MOSCOW - President Vladimir Putin revealed the makeup of Russia’s new Cabinet of ministers Monday, after repeated delays that sparked speculation that Kremlin power groupings were fighting over key positions.
The list was notable for the absence of several Putin-era heavyweights, and included many new names, though none of them high profile or known to be proponents of radical change.
The most significant player to leave the Cabinet is Deputy Prime Minister Igor I. Sechin, considered the leader of a group known as the siloviki, powerful Putin allies who once served in Russia’s security and intelligence services.
Also exiting are three unpopular ministers who are widely blamed for corruption or poor management: Health Minister Tatyana Golikova, Interior Minister Rashid Nurgaliyev, and Education Minister Andrei A. Fursenko.
The new government grants a broad portfolio to Deputy Prime Minister Arkady Dvorkovich, a close aide to Prime Minister Dmitry Medvedev who is seen as one of the most liberal and Western-oriented of Russia’s senior officials. Dvorkovich will oversee industry, including energy, transport, and agriculture, reported the daily newspaper Vedomosti last week, citing unnamed Kremlin officials.
Medvedev has also selected, as his chief of staff, the veteran political operative Vladislav Y. Surkov, who played a key role in concentrating power in the Kremlin but recently began advocate more open political competition.
The return of Surkov, absent from the political arena for many months, strengthens Medvedev’s hand as he adjusts to a more vulnerable position after four years as president. In the past, both prime ministers and Cabinet members have been removed swiftly when a political or economic crisis has aroused a public demand for change.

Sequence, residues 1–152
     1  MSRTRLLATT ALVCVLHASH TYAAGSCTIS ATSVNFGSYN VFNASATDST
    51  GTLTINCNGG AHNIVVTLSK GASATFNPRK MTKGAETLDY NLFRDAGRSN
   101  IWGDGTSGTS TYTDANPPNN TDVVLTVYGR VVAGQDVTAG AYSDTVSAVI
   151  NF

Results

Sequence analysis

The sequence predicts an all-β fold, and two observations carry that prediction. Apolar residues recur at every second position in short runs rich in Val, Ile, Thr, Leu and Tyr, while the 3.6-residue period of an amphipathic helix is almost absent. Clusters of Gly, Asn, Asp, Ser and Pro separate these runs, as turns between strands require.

A number of Putin-era heavyweights will remain in the Cabinet, including Foreign Minister Sergei V. Lavrov, Defense Minister Anatoly E. Serdyukov, and Finance Minister Anton Siluanov. Igor I. Shuvalov, a Putin ally, will stay on as first deputy prime minister.
Putin announced earlier this month that he would skip a planned trip to the United States for a meeting of the Group of Eight because he would be busy finalizing the new government.
In his remarks Monday, Putin hinted that the Cabinet would not have an easy time of it.
“I want to wish you success in the difficult situation in which the world economy finds itself, in a situation of uncertainty with many unknown factors,’’ he said.
Among the first to comment publicly on the new Cabinet was former finance minister Alexei L. Kudrin, a close Putin ally who was forced to resign after he told reporters he would not serve under Medvedev. Kudrin warned that the new government will face “difficult, and somewhat thankless work.’’